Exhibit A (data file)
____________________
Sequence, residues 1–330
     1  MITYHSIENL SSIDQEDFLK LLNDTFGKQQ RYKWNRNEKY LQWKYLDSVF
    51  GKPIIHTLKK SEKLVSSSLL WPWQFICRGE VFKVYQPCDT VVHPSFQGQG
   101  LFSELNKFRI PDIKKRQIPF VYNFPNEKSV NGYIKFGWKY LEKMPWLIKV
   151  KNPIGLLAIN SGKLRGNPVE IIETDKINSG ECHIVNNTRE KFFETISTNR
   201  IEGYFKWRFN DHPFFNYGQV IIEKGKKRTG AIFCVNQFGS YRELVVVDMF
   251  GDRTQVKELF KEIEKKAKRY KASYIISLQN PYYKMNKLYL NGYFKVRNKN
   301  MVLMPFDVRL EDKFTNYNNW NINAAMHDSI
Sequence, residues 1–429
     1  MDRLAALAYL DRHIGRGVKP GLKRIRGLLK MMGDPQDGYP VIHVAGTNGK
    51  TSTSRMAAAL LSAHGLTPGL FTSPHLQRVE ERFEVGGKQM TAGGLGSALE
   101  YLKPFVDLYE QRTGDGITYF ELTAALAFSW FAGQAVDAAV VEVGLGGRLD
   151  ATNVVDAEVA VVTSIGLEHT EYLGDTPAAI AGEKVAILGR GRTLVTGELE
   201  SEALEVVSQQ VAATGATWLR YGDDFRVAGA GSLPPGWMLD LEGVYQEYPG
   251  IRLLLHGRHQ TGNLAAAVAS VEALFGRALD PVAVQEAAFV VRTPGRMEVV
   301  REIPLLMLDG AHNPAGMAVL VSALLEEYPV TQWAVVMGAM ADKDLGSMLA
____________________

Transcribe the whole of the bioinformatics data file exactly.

Sequence, residues 1–330
     1  MITYHSIENL SSIDQEDFLK LLNDTFGKQQ RYKWNRNEKY LQWKYLDSVF
    51  GKPIIHTLKK SEKLVSSSLL WPWQFICRGE VFKVYQPCDT VVHPSFQGQG
   101  LFSELNKFRI PDIKKRQIPF VYNFPNEKSV NGYIKFGWKY LEKMPWLIKV
   151  KNPIGLLAIN SGKLRGNPVE IIETDKINSG ECHIVNNTRE KFFETISTNR
   201  IEGYFKWRFN DHPFFNYGQV IIEKGKKRTG AIFCVNQFGS YRELVVVDMF
   251  GDRTQVKELF KEIEKKAKRY KASYIISLQN PYYKMNKLYL NGYFKVRNKN
   301  MVLMPFDVRL EDKFTNYNNW NINAAMHDSI
Sequence, residues 1–429
     1  MDRLAALAYL DRHIGRGVKP GLKRIRGLLK MMGDPQDGYP VIHVAGTNGK
    51  TSTSRMAAAL LSAHGLTPGL FTSPHLQRVE ERFEVGGKQM TAGGLGSALE
   101  YLKPFVDLYE QRTGDGITYF ELTAALAFSW FAGQAVDAAV VEVGLGGRLD
   151  ATNVVDAEVA VVTSIGLEHT EYLGDTPAAI AGEKVAILGR GRTLVTGELE
   201  SEALEVVSQQ VAATGATWLR YGDDFRVAGA GSLPPGWMLD LEGVYQEYPG
   251  IRLLLHGRHQ TGNLAAAVAS VEALFGRALD PVAVQEAAFV VRTPGRMEVV
   301  REIPLLMLDG AHNPAGMAVL VSALLEEYPV TQWAVVMGAM ADKDLGSMLA